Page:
Which could lead to the creation of a formidable new sector in India's information economy. According to a report released last month by the San Francisco consulting firm Pearl Research, which focuses on gaming trends in Asia, the Indian online games market will exceed $200 million in 2010.

"India is basically where China was in 2001," says Allison Luong, Pearl's managing director. "That's when China's games market started to develop and an online games culture started to form."

The maturation of India's gaming culture faces obstacles, however. Among these are cultural ideas about youth leisure that are firmly at odds with heavy game use.

"Today, childhood (in India) is geared toward studies," says Ruchir Khanna, of Indiatimes Online's gaming division. "There's intense pressure on kids to outperform their peers in school and get into competitive elite universities, which doesn't leave much space for video games. It's changing in small steps. The culture is only just now starting to accept it."

Another obstacle is the current lack of games with specific Indian themes, characters and story lines. Although India is a hub of outsourced game programming, almost no content has been tailored explicitly to the Indian market. But like everything else in India, this, too, is changing.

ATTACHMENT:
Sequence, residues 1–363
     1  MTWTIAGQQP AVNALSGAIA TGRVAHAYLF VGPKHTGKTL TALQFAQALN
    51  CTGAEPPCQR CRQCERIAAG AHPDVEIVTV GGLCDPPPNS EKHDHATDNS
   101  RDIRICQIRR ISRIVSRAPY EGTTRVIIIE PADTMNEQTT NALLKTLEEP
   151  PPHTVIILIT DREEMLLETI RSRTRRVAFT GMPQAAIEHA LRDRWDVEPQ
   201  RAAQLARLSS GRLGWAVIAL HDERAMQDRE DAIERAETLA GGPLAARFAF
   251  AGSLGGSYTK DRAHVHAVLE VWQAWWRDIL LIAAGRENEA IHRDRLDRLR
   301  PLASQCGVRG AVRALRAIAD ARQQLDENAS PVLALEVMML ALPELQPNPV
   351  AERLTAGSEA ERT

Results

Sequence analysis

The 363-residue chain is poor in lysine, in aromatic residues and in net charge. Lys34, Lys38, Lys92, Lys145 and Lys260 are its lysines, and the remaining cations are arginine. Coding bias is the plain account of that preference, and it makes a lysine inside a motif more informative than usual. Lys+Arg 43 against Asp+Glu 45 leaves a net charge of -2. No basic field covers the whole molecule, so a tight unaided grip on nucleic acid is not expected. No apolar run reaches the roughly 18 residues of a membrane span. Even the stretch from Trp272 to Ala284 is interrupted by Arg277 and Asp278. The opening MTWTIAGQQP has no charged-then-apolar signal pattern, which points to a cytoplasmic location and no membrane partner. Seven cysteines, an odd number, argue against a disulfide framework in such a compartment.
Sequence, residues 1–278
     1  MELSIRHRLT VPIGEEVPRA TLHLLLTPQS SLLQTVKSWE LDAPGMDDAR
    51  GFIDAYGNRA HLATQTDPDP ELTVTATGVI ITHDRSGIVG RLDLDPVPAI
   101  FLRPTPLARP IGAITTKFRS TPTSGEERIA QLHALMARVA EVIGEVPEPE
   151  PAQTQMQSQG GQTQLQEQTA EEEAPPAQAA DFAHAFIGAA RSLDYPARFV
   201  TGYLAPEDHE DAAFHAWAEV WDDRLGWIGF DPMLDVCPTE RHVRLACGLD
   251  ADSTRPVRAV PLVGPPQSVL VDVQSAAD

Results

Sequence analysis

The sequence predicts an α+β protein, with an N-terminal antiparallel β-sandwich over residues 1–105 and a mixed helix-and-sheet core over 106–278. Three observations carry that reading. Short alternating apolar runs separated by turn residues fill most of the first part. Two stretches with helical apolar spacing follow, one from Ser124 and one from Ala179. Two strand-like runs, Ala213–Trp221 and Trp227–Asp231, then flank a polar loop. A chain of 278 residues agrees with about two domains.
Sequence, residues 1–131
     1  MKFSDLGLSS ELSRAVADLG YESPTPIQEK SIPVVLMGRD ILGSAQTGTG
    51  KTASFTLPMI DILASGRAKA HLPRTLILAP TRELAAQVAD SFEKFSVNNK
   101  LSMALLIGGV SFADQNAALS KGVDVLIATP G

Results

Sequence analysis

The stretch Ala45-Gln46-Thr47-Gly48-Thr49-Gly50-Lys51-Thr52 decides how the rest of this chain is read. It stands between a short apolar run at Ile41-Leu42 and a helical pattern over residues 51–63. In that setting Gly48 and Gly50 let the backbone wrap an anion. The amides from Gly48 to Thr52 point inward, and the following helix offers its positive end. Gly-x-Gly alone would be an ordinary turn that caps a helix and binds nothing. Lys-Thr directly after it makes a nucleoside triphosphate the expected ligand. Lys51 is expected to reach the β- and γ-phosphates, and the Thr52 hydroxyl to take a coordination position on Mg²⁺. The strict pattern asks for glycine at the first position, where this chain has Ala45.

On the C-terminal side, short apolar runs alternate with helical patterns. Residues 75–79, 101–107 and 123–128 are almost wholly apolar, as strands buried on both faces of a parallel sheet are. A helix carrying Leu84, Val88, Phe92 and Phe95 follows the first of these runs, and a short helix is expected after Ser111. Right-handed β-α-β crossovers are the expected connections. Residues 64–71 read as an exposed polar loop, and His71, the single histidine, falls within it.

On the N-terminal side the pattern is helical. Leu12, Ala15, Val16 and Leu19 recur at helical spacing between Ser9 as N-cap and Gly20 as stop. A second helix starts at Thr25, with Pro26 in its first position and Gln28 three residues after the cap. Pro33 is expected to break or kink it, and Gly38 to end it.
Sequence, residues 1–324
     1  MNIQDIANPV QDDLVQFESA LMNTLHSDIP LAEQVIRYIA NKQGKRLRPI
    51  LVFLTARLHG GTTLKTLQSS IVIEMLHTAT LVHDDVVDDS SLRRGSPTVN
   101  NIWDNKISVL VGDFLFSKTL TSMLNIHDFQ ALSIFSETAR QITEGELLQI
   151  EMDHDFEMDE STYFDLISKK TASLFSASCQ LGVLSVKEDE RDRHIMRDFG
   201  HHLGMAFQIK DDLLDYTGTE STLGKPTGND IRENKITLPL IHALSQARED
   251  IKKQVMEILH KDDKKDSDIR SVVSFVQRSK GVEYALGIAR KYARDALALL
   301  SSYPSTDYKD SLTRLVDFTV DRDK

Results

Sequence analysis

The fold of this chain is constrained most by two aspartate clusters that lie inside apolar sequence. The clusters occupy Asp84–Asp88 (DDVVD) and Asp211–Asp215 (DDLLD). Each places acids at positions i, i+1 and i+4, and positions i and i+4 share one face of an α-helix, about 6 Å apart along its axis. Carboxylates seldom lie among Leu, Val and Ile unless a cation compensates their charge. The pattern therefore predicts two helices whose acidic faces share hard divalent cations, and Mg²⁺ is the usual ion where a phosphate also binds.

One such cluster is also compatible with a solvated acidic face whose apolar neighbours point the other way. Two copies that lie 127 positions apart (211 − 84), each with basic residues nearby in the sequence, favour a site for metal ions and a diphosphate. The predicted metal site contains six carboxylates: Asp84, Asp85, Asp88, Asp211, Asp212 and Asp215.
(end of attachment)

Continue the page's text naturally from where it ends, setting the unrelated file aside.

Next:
"My guess is that in one year we'll be saying there are too many companies designing Indian-themed games, with Hindu gods and Bollywood music," says Indiatimes Online's Pegu. "A lot of big Asian companies have already started fishing for local partners."

When games with Indian themes become available, they will have to be marketed -- not a strong point in the industry's short history.

"One of the reasons broadband is being underutilized in India is because of a marketing failure,AfAC/AC/aEUsA!? says Pegu. AfAC/AC/aEUsA!A...aEUoeMost people still have no idea there is gaming content available to them."

Led by Indiatimes Online and Sify, a national marketing infrastructure for the promotion of gaming is just now taking shape. Contributing to growing interest are India's proliferating cable channels, many of which air programs that deal partly or exclusively with gaming culture. As a sign of India's emergence as a self-conscious, if nascent, gaming power, Renaud de La Baume -- president of Games-Services, the parent company of the Electronic Sports World Cup -- attended the competition's June finals in New Delhi. Also present were a host of top managers from Nvidia, Intel, Level Up and Razer.

But even in some future India defined by relaxed cultural attitudes toward video games and a cornucopia of beautifully crafted games targeting the enormous Indian market, one problem will remain: electricity.

Power cuts are a daily part of Indian life, and no one -- not even well-off, up-and-coming stars in Mumbai and Bangalore with their own backup generators -- can escape the pain of a poorly timed power outage.

When asked if he ever loses games or hard-won progress due to blackouts, Pegu closes his eyes and groans.

"It happens all the time," he says. "But that's not going to change. That's India."

Liz Woolley